In a recent conversation, an RE in our church noted that, in our circles, the burden of proof in a debate falls on the side that argues what is perceived to be a more “liberal” position. The so-called “conservative” position is the default and does not always face the same scrutiny.
In my upbringing in conservative evangelicalism of different varieties, I have found this observation to be true. There are social sanctions for suggesting or taking a position that is perceived as more liberal according to the traditions and norms of that community—and those who take a more conservative position are praised as “defenders of the faith” who “hold the line.” Of course, the converse is also true of various liberal circles: liberals compete with one another to see who can present the most “tolerant” or “liberating” expression of religion, or who can come up with the edgiest challenge to traditional dogma. Those who postulate along more conservative lines—or even those whose theological agenda, while still liberal, is not concerned with the particular strain of “liberation theology” found in those dominant liberal circles—may be belittled or ostracized.
I was raised in a Christian context that would be identified “conservative,” “evangelical,” and “inerrantist.” As an adult, I embrace all these designations, and would add “Reformed”—meaning that I believe that the tradition and churches stemming from John Calvin to be the most faithful expression of biblical truth.
Yet I am concerned about the societal and social pressures faced by American evangelicalism, and particularly Reformed evangelicalism. Christians feel farther and farther out-of-step with American society as norms and values drift away from traditional Christian worldview and practice. Societal pressure then creates a spectrum of responses within our small social community of evangelicals—a spectrum between the two extremes of utter capitulation and staunch resistance.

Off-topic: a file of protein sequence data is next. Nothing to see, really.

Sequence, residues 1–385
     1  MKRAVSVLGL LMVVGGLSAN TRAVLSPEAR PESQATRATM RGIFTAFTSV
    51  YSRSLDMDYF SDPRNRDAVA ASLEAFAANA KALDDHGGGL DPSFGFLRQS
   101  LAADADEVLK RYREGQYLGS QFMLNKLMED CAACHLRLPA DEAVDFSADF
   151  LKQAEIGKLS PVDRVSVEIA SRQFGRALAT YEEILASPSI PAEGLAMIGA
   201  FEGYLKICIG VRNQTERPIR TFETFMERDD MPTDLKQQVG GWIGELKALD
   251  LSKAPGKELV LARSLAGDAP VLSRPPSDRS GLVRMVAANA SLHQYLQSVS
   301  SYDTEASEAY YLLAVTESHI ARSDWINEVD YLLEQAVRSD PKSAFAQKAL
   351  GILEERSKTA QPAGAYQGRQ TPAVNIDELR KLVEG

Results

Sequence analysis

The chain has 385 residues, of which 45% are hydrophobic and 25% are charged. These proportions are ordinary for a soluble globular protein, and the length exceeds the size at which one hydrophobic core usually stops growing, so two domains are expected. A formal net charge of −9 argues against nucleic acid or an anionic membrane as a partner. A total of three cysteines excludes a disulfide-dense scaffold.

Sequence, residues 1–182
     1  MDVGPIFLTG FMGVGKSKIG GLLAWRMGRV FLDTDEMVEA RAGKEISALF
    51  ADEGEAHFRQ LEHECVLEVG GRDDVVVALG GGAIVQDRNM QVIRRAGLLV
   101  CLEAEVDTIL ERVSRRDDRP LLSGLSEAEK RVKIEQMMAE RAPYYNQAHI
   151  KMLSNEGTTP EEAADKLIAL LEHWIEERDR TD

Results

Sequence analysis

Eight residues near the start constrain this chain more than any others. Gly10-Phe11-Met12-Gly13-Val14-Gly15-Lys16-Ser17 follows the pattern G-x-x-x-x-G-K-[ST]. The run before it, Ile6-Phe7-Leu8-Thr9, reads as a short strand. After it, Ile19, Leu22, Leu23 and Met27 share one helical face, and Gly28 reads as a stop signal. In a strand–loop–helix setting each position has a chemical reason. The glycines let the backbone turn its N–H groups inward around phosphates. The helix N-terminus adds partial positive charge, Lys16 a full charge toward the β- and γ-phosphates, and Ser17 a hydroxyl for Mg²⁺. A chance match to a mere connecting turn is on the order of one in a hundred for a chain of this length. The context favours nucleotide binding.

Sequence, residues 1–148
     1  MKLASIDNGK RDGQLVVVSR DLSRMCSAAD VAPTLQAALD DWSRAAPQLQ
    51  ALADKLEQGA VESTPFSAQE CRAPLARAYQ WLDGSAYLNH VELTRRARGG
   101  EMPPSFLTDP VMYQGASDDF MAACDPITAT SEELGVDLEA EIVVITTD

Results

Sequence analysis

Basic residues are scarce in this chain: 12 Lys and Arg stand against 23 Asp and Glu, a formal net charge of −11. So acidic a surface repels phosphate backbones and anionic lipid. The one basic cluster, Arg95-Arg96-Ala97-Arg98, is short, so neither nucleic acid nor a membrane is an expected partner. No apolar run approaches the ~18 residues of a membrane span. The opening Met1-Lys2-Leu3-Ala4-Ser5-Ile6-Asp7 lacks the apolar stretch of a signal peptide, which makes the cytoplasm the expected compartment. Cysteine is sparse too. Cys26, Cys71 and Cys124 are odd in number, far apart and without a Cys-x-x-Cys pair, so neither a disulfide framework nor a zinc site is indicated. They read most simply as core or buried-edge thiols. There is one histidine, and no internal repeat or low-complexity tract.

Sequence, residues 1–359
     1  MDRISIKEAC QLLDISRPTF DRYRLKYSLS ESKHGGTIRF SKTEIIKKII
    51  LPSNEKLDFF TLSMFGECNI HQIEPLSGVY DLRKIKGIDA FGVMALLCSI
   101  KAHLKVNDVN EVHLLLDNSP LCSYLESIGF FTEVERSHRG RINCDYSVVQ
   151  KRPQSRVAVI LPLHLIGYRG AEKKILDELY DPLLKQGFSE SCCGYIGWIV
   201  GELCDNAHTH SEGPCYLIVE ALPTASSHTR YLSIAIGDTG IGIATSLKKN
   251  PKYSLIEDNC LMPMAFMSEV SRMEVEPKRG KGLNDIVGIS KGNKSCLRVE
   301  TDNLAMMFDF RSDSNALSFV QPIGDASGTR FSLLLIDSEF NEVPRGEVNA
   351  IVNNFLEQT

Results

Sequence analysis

I do not wish to rehash the debate on differing views of the relationship between Christ and culture. I will say that a traditionally Reformed framework has seemed to me to be the best starting point from which to debate particular issues in the area of the Christ/culture relationship. Reformed theology has a rich heritage wrestling with issues of epistemology and faith, church and state, the roles of Christians in society.
I am conservative. I am Reformed. I embrace wholeheartedly the notion that Scripture is revelation from God, inerrant and authoritative on all matters to which it speaks.
It is dangerous to construe Scripture as affirming less than what it actually does affirm. Yet it is also dangerous—and perhaps a more common danger in our circles than in some others—to construe Scripture as affirming more than what it does.
 The son of a Southern Baptist mother and a Messianic Jewish father, I was raised from my earliest memory in dispensational Messianic Jewish congregations, Conservative Baptist churches, and a Christian & Missionary Alliance church. I became drawn to Reformed theology while attending a historically dispensational university (Cairn University—formerly Philadelphia Biblical University).
 My experience with more liberal forms of Christianity includes much of my graduate study in Old Testament, active participation in the Society of Biblical Literature, and even some unique opportunities to speak as an evangelical in liberal contexts (including the bastion of liberal theology, Union Theological Seminary in New York).